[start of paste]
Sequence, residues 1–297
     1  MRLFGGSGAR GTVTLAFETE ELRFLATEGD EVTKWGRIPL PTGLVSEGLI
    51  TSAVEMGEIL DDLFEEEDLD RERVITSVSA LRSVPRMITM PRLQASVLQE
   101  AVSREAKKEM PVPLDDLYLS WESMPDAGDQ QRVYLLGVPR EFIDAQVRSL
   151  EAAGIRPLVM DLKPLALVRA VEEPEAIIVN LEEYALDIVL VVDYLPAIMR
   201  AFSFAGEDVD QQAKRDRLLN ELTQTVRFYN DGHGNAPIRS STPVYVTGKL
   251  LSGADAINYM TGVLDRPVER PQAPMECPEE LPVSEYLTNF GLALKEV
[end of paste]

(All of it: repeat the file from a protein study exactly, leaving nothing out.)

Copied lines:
Sequence, residues 1–297
     1  MRLFGGSGAR GTVTLAFETE ELRFLATEGD EVTKWGRIPL PTGLVSEGLI
    51  TSAVEMGEIL DDLFEEEDLD RERVITSVSA LRSVPRMITM PRLQASVLQE
   101  AVSREAKKEM PVPLDDLYLS WESMPDAGDQ QRVYLLGVPR EFIDAQVRSL
   151  EAAGIRPLVM DLKPLALVRA VEEPEAIIVN LEEYALDIVL VVDYLPAIMR
   201  AFSFAGEDVD QQAKRDRLLN ELTQTVRFYN DGHGNAPIRS STPVYVTGKL
   251  LSGADAINYM TGVLDRPVER PQAPMECPEE LPVSEYLTNF GLALKEV